I also found another long trail of coyote tracks, which I followed until it ended at an area of thick grass near the dunes.I brought along some PerfectCast for this very reason so I could cast a coyote track for my grand-daughter. I normally use plaster of Paris for casting tracks, but this time I used PerfectCast, and I must say it came out much better than the latter. I ordered it from a company called Acorn Naturalists, which by the way has an extraordinary catalog that contains all of the trappings of the naturalist’s trade. While waiting for the cast to dry I sat on the boardwalk and had lunch. The breeze off of the gulf that day was pretty vigorous. I pulled out my smart phone and checked the local meteorological station maintained by the NOAA that is set up right down the road near the ranger’s station. It showed the temp to be 51 and the wind coming from the ENE at 13 knots (15 mph). This calculated the wind chill to be around 46 degrees but the warmth of old Sol made it comfortable, and I didn't complain, especially after the scorching summer we experienced. The only thing that came my way was a northern harrier gliding low, as usual, over the desiccated marsh. Ever so often it would dip really low to the ground and I suspect it does this in order to flush out any prey that might be hiding in the knee-high grass. Best bet is to stay vewy, vewy still (to quote Mr. Fudd). I was recently rummaging through Helen Cruickshank’s book “ Thoreau on Birds”, which by the way, if you do not have a copy of this book, you must get one. It is filled with nothing but interesting bird observations made by the “hermit of Concord”. He must have really liked this hawk in particular, because in his notes he stated “The sight of the marsh hawk in Concord is worth more to me than the entry of the allies into Paris.” Its flight is described well in this passage:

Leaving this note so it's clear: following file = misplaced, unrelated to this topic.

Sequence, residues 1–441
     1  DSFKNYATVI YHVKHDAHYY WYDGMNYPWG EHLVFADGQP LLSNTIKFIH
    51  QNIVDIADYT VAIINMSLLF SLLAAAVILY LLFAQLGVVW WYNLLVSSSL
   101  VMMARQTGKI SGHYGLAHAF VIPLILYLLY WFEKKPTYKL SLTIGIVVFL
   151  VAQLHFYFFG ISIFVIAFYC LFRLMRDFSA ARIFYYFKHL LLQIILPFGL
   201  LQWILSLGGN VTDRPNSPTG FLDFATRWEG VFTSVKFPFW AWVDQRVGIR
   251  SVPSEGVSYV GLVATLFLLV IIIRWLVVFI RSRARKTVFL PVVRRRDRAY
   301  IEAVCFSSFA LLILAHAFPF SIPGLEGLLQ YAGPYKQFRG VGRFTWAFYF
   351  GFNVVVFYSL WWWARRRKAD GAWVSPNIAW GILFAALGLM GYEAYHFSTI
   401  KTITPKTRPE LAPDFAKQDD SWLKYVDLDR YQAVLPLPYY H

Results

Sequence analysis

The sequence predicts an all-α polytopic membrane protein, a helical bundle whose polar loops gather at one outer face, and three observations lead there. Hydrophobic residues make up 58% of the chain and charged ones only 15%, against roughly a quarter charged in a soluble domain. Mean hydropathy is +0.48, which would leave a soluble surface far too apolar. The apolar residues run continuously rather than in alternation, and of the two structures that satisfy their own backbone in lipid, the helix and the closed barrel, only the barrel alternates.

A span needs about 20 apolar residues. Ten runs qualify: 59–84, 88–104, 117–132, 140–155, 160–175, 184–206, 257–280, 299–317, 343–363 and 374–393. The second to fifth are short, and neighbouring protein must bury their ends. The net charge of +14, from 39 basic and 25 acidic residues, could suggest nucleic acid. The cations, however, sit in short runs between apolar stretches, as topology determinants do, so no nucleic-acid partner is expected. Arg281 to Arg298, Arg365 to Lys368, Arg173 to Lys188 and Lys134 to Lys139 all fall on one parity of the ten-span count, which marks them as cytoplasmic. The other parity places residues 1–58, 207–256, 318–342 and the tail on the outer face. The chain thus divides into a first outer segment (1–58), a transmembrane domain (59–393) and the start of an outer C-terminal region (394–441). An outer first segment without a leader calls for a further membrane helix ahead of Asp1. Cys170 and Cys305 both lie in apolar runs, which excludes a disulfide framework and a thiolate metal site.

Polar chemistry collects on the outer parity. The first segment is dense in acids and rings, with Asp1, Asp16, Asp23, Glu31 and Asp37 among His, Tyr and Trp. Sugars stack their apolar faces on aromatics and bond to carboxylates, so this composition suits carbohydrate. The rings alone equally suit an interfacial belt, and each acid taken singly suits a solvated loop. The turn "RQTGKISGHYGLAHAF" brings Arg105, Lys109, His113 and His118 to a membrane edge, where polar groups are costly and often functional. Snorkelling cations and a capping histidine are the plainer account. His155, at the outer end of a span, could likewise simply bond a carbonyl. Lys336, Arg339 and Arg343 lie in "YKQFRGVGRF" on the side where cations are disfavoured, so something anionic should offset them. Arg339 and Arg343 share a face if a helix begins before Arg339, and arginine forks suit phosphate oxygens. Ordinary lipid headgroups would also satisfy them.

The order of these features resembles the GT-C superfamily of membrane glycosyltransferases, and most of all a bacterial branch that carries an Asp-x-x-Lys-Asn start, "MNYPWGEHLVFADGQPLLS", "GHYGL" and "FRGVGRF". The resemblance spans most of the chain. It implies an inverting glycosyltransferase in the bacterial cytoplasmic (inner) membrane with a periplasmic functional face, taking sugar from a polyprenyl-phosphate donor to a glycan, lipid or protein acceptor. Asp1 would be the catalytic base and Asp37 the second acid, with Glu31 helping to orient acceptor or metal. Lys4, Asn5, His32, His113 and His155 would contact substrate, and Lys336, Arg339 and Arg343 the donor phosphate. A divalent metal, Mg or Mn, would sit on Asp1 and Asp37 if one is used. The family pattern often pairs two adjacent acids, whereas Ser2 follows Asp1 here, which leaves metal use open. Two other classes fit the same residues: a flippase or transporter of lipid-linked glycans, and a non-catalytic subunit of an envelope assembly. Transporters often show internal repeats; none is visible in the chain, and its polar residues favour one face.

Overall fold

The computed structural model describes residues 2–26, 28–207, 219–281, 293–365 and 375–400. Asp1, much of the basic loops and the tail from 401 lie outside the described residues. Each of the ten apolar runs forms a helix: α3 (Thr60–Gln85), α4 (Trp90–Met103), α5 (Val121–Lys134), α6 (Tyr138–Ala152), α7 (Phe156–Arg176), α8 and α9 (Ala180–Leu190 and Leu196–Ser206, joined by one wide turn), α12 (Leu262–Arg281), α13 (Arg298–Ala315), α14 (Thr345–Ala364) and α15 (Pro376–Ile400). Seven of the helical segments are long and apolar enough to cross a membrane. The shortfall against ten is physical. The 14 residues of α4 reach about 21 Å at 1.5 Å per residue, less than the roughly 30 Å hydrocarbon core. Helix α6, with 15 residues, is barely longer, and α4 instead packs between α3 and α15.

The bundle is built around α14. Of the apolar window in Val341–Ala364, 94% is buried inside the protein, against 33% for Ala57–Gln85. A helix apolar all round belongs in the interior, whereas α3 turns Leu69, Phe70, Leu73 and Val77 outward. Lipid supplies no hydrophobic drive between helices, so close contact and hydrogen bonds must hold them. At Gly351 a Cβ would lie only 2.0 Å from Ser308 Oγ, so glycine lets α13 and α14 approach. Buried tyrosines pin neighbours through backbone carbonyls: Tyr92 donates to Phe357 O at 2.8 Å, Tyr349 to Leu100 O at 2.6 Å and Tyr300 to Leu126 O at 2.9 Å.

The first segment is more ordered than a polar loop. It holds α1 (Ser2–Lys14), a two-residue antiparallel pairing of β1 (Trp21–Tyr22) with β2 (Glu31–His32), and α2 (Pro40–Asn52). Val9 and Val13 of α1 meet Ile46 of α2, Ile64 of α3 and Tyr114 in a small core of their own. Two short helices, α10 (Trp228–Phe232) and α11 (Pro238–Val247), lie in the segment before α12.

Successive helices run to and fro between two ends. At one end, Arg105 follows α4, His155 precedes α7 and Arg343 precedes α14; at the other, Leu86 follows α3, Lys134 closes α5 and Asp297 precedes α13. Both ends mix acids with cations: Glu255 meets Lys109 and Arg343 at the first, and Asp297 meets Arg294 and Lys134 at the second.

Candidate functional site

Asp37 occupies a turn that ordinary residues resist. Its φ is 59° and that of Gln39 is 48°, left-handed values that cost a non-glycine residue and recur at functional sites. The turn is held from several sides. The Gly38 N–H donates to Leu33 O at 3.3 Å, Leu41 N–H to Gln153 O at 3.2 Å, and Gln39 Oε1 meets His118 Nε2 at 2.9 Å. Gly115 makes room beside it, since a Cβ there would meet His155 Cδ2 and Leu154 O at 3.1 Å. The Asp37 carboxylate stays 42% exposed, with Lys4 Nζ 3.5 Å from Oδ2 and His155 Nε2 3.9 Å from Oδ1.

[April 8, 1856] “The marsh hawks flew their usual irregular low tacking, wheeling, and circling flight, leisurely flapping and beating, now rising, now falling, in conformity with the contour of the ground."

He sometimes referred to the harrier as a “frog hawk”.

[April 23, 1855] “See a frog hawk beating the bushes regularly.”

[May 2, 1858] “If I were to be a frog hawk for a month I should soon know some things about the frogs. How patiently they skim the meadows, occasionally alighting, and fluttering as if it were difficult ever to stand on the ground. I have seen more of them than usual since I too have been looking for frogs.”

[April 19, 1858] “He skims steadily along exactly over the edge of the water, on the meadow side, not more than three or four feet from the ground and winding with the shore, looking for frogs, for in such as tortuous line do the frogs sit. They probably know about what time to expect his visits, being regularly decimated.”

After about 45 minutes I pried the cast from the sand and dusted it off revealing a satisfactory representation of the coyote track. Even the claw marks showed up nicely. Grand-daughter is going to like this.

While I was loading my gear into my truck I heard a harrier calling from the ground not far from where I was parked. Was it the one I had spotted moments earlier? I grabbed my camera and slowly walked towards the sound and spotted the bird on the ground about 15 feet from where I stood. At first I thought that it had captured something because, ever so often it would look down at the ground it front of it. I watched, photographed and captured video for about five minutes before it flew. I walked over and searched the area where it had stood, but didn't find anything. Had it tried to capture something, but missed? I was close enough to see its facial disk and owl like head. The video below shows both of these characteristics very well. When it looks straight on at the camera is does appear to be “owlish”.